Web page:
Whether you are just starting your career, you’re a seasoned veteran or you are on the hunt for the right graphic designer for your company – here are few things to keep in mind.

Comic Sans is obsolete

This front from the early 2000s is a big no-no for any self-respecting graphic designer. Avoid this at all costs – it’s not worth it.

Not naming files correctly

Most graphic designers have a naming convention, read up on them – come up with your own. Stay organized and no “asdfghj” file names, please and thank you!

Using Photoshop filters to disguise crappy images

We know Photoshop has a few tricks up it sleeves to help hide the pixelated picture you’re using. Do yourself (and everyone) a favor and just find or request an image with higher resolution.

Create a logo that works

Make sure that the logo you created is a vector application, this way it can work on a printed brochure or an electronic billboard.

Relying on spell check

Your computer is smart, but it’s not a real person. If you use the tools at your disposal without thinking (and reading) you could find yourself in a bind.

Not proof reading.

Red it. Read it again 😉

Don’t Flatten your Photoshop file

You may never know when you need to go back and “make the logo bigger.”

Relying too much on design trends

Your work will date quickly. Design trends can be fun to play with, and you may think it’s important to jump on trends as they come, but remember that your design may have to last longer than that trend will be around.

Too much text on one line

Find a way to cut down or reformat text so it doesn’t become a long sentence that just does not fit with the design.

Improperly kerning

If your kerning, 9the spacing between letters0, is not consistent, your text can be completely misread.

Cropping excessively

If you must crop, do it sparingly and make sure to not change the composition of the image. And if at all possible, leave the image alone.

Looking on stock websites for logos

Your client is coming to you for originality – stock images are a huge no-no. Not to mention the possible copyright issues down the line. Stay far, far away.

Overdoing shadows and embossing

Amateur & tacky – steer clear.


These are just a few of “don’t touch with a 10-foot pole” rules, but some others include:  don’t work without having coffee first, don’t steal (or borrow) someone else’s artwork, and don’t be lazy! Get designing and have some fun!

An almost foolproof way for increasing Twitter followers

An Almost Foolproof Plan to Increase Your Twitter Followers

We are living during a time that everyone shares, well, pretty much everything. Whether you like it or not, whether you agree with them or not. One thing we can all agree on it that it’s gonna fill up on your Twitter feed.

Twitter allows users to follow important topics, people, and conversations that are relevant or interesting to them as it happens… like a breaking news feed tailored to you and your interests. This type of connection will help you find prospects for your business. Now, how the honey to do you make sure the right people are following you?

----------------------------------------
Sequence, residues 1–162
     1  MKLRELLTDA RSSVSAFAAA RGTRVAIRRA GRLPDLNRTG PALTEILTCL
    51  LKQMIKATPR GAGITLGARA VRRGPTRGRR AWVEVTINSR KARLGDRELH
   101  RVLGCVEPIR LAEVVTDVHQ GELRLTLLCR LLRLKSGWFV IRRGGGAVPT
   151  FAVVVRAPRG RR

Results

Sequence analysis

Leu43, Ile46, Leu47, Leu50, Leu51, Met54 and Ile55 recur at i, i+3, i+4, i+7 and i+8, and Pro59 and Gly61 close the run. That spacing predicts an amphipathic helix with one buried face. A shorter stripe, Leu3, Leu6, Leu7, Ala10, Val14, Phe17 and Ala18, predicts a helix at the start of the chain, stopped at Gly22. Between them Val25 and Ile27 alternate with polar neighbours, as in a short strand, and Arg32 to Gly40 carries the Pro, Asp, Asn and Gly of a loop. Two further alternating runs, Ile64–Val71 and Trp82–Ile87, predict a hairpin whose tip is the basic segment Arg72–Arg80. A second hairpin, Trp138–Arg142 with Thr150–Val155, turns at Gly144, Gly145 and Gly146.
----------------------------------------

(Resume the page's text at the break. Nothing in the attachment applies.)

Tweet Often, at the Right Times

Who is going to follow someone that never tweets? You should be tweeting at least once a day, but truthfully if you’re looking to be visible set your goal at 4-15 times a day. Along the same lines, make sure you’re not wasting your 140 characters. The best times to tweet are before tweeters head to work (before 9 am) or after they are finished for the day (after 6 pm). That’s right, weekdays over weekends. Don’t forget to cater to different time zones if your target audience is worldwide or across the country.

Use a Scheduling Tool

Don’t let the idea of tweeting upwards of 2,000 characters a day scare you. Tweeting regularly increases your visibility, reach and ability to engage and is manageable! Using a business tool like Hootsuite or Social Sprout to schedule your tweets keeps you visible and notification alerts let you stay in the conversation on your terms. Oh and don’t forget, weekend tweets between 1 pm and 3 pm and weekday tweets tend to get read more J

Share Others’ Tweets

Did you come across something that you loved or found interesting? Share it! You can retweet it (send it to your followers as is) or quote the tweet and add your comments in a new tweet. These are great ways to create a support network and encourage others to follow you and share your posts in return. Just be careful that you don’t go wild and retweet 50 tweets from the same users in one day, spread the love.

#Awesome #Connect #Power

You can’t deny the power of hashtags! Hashtags are an awesome way to connect with the twittersphere and attract new followers that have similar interests PLUS they will increase your visibility. But like everything in life, hashtags should be used in moderation. Pick one or two relevant or amusing hashtags, which add to your tweet. Don’t just add hashtags onto words that appeared in the rest of your tweet, or include them just for the sake of it.

Follow Your Followers

It may seem pointless to do this when you’re focused on gaining followers, but people who notice that you didn’t follow them back might unfollow you. Also, when you follow back, some people might respond to you publicly, which will give you some added exposure to their followers. Don’t worry about keeping up with that many people or tweets, you can be selective in who/what you read.

Keep it Cool

A tweeter typically checks a few recent tweets before deciding whether or not to follow an account. Be sure to have fun tweets that are informative and interesting. Mix it up; make sure you are sharing links, videos, and photos. Appeal to the visual senses too.

Twitter is one of the easier Social Media platforms to figure out. And when you get lost remember the golden rule of Twitter – use it to engage.